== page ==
Bowl of Heaven is the first book by either Larry Niven or Gregory Benford that I've ever read. They've both been well-regarded science fictin authors for many years, and I figured this would be a good opportunity to get a taste of what both of them have to offer.
The premise is great--a group of astronauts leaves earth on a voyage, many centuries long, to a newly-discovered planet called Glory. On their way there though, they discover something that even the most advanced minds on earth could never have imagined. While most of the time the crew is kept in a state of deep sleep, in order to survive the voyage, some are periodically awoken in order to get them to Glory. When Cliff, a biologist, is woken up, he initially believes it's because they've finally reached their destination,k but he soon finds that that's not the case. Two things have occurred that have prompted the skeletal crew to begin waking other key members of the crew early--after only 80 years.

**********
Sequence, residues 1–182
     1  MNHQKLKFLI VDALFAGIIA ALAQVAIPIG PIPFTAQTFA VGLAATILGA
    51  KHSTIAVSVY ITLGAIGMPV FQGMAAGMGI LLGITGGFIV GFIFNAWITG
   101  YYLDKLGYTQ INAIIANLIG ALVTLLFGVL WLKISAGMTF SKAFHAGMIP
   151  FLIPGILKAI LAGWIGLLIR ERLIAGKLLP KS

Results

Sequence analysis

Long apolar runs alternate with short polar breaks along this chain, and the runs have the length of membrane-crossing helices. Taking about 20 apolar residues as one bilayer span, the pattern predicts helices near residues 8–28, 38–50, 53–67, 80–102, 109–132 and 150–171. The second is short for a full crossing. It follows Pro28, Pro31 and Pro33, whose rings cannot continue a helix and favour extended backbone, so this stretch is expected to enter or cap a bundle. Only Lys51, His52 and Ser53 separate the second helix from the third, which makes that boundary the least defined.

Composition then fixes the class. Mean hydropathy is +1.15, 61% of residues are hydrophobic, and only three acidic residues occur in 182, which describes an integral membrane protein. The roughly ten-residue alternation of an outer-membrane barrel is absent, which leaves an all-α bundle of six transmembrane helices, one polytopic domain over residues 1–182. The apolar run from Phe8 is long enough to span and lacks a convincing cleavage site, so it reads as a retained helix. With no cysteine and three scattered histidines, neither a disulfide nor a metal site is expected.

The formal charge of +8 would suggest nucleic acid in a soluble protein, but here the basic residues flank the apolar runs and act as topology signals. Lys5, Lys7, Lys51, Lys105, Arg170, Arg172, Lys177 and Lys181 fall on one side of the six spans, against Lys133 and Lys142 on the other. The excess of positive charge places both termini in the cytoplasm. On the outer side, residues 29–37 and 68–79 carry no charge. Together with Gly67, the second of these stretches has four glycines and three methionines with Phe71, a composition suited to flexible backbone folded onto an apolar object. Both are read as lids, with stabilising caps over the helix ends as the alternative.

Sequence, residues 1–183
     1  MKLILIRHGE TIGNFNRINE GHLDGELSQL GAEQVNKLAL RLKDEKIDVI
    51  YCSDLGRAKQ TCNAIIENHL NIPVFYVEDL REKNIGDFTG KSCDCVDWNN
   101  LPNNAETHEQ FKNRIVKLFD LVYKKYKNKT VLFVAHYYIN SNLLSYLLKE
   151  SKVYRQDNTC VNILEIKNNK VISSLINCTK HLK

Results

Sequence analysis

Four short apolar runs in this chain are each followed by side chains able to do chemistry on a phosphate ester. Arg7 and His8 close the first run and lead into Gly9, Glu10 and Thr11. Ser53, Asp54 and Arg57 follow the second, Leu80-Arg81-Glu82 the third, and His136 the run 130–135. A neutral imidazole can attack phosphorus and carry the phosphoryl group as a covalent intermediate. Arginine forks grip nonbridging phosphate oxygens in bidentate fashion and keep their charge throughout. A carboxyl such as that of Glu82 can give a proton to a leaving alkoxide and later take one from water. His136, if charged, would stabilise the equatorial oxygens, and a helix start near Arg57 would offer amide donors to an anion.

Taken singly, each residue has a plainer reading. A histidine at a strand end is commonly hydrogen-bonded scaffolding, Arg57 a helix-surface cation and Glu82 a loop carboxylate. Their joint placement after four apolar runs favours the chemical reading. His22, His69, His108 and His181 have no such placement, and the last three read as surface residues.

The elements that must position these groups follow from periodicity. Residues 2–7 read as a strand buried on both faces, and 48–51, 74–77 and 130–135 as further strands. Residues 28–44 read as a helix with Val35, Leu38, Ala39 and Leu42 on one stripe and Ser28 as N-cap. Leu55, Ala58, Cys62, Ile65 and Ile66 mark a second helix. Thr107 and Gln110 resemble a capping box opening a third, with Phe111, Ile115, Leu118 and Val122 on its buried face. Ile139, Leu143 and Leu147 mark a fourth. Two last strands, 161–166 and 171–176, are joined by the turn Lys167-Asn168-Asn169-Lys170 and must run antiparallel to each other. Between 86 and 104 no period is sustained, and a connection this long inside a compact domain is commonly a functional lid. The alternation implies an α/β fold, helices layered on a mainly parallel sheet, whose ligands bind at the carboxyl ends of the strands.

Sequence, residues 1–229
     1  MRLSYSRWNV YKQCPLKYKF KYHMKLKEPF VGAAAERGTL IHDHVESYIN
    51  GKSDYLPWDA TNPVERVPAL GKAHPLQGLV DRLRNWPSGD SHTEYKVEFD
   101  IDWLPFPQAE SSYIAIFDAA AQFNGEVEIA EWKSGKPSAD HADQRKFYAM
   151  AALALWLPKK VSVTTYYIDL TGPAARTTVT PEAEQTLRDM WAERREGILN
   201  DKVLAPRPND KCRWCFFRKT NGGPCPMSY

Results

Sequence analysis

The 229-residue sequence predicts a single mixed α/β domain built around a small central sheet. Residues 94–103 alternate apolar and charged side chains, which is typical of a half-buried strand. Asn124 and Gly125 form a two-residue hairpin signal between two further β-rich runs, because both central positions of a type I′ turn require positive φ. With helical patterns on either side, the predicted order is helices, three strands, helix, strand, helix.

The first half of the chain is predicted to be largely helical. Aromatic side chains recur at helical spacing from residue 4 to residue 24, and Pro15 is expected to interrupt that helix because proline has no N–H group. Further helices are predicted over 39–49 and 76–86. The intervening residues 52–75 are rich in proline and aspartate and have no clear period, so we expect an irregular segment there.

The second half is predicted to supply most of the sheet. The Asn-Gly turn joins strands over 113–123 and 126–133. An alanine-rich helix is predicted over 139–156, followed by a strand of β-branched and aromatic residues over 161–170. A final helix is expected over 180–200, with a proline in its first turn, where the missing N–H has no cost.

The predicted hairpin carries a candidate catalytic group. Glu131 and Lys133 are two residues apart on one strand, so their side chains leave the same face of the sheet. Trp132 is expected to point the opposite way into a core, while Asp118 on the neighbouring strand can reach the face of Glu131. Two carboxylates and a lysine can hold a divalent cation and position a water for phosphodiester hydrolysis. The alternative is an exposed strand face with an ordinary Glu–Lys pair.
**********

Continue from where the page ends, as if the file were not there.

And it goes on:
The first is that they've discovered the ship is inexplicably losing velocity, and if the problem can't be fixed, they'll run out of supplies well short of Glory. The second is that they've discovered something relatively nearby. It's manufactured, it's moving, and it's the size of the entire solar system they left behind. It's a bowl-shaped starship, its surface area is millions of times that of earth's, and it's harnessed the power of an entire star for its means of propulsion.
The ship's commander has no choice but to land inside the bowl.He neds to determine what's behind their loss of velocity, and hopefully replenish their supplies. What they find as they arrive on the inners surface of the bowl continues to defy their perceptions of what could ever be created.
Unfortunately for Niven and Benford (and me) their idea, is great, but their story isn't. Their characters are flat, the alien races they encounter are disappointingly uninteresting, and while they intentionally end the book with many unanswered questions in order to build anticipation for the next book, they didn't pique my interest enough to make sure I'll be reading it.